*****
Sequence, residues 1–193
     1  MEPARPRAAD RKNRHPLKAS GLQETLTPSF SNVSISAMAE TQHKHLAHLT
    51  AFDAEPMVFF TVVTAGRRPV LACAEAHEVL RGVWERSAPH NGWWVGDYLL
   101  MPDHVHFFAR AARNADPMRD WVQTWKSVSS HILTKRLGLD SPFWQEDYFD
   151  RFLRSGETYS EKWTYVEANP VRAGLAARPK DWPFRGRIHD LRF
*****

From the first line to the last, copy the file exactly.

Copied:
Sequence, residues 1–193
     1  MEPARPRAAD RKNRHPLKAS GLQETLTPSF SNVSISAMAE TQHKHLAHLT
    51  AFDAEPMVFF TVVTAGRRPV LACAEAHEVL RGVWERSAPH NGWWVGDYLL
   101  MPDHVHFFAR AARNADPMRD WVQTWKSVSS HILTKRLGLD SPFWQEDYFD
   151  RFLRSGETYS EKWTYVEANP VRAGLAARPK DWPFRGRIHD LRF